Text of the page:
Satisfaction

Satisfaction
Tea at Koshy's,

Contentment has always been on the menu at Koshy's, Bangalore

Anjum Hasan
July 04 , 2014
03 Min Read

Say the word "Koshy's" and be prepared to cut a path through an instant jungle of praise, dispraise, eulogising, myth-making or just plain indifference. It's only a restaurant, da — as a saner Bangalorean would say. But then it has a menu of 820 dishes, has been around for 55 years, looks like the very embodiment of the word 'nostalgia', can pass off institutionalised obstinacy as hipness...the jungle begins to advance towards you again. So one may as well start by acknowledging that there's something about Koshy's.

 

How has Koshy's stayed Koshy's for this miraculously long? The formula seems simple. You start a posh restaurant in Cantonment Bangalore in the early 1950s. You purloin recipes for plum pudding and glazed chicken from chatty Anglo-Indian ladies. You install, for the first time in a city restaurant, both a jazz band and air-conditioning. You let it be known that you've catered to Jawaharlal Nehru and the Queen of England. You quote from John Ruskin on the back of your menu. And then you let it all stay exactly as it is for the next five decades. Well, not exactly — there's no trace of bandleader Fred Hitchcock today, and more palak paneer and seekh kebab-type things on the menu than there used to be. Still, disdain for change seems to be the key. Koshy's has passed from being a fancy restaurant to, in the 1970s, a regular place that almost closed down because of 'union troubles', to, in the new Bangalore, a raging cult with groupies, legends and denouncers.

 

Prem Koshy, the third-generation Koshy who runs the place with his brother Mathew, doesn't immediately strike you as a cult leader. But the restaurant has prospered since he took it over 20 years ago. Like Koshy's, Prem is all personality. He is a theatre actor, snake-catcher and psychic healer when he's not striding around the always-packed restaurant and making hearty conversation with patrons old and new. As per the Prem Koshy myth, he wrestles with a pet python for entertainment and presides over a group called Ladies and Knights of the Square Table who meet at Koshy's.

 

But you don't necessarily need to bother with all that to love the place. You just have to step inside, catch the eye of your favourite waiter, sit back to survey the chattering hordes, and something begins to melt inside. As for the long-running discussions on ambience versus food, the fact is that it's hard to separate the two at Koshy's. The fraying rexine seats, the tube lights and clunky fans, the chin-up portraits of the preceding Koshys, the waiters who stand huddled by an aquarium — all add up to a wistful feeling that only a handful of spaces in Bangalore can still evoke. And if you're old-time, you've every right to be eccentric. There are vague photos of historical-looking architecture on the walls, the oddest book with a 'For Sale' sign stuck in the window of the cashier's cubicle and, my favourite, the 'Extra Menu'. This long list reads like the random fantasies of a starving man who is likely to think of Veg Noodle Soup, Lime Soda, Mutton Curry and Peanut Masala in sequence.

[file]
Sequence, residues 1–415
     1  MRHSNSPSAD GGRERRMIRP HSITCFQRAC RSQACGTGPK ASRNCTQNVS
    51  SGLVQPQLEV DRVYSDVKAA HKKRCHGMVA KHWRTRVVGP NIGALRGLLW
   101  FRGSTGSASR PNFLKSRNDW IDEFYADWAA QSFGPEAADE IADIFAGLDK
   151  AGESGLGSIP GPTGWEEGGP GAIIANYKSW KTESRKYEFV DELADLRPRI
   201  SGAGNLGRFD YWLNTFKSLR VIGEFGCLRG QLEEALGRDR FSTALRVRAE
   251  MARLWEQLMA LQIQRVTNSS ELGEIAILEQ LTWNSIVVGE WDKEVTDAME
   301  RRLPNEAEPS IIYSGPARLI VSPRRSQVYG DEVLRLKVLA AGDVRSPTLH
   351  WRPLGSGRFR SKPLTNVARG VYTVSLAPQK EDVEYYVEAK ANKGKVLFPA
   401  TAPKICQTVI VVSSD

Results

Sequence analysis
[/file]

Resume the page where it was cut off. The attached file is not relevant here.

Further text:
As for the food, it's exactly like the place — unpretentious, dependable and essentially traditional, notwithstanding the stray Korean dish or the few that Prem Koshy has affixed his initials to and added to the menu — like Mr K's Coriander Kidney and Liver Curry. One can order the staples at Koshy's — the Kerala-style fish or chicken curry with rice, the prawn biryani, the roast chicken—knowing that they will taste like they always do. All those restaurant owners who, beaming, hand you revamped menus every year miss the point: most of us don't want most things to change in our madly changing cities. We want them to stay the same.

 

Of course, however much they swear by the Sunday morning special of appams and stew or by the coffee-and-chicken-pattie combo, no one in their right mind treats Koshy's simply as a restaurant. Many customers virtually live there; others have a long-term relationship with the place. And that's exactly what makes Koshy's priceless: against its distinguished past stand out all our own separate little pasts, and each time we return we remember how places cultivate people at least as much as the other way round.

 

Koshy's, 39 St Mark's Road, Bangalore; 080-2213793/2215030; open 9am-11.30pm


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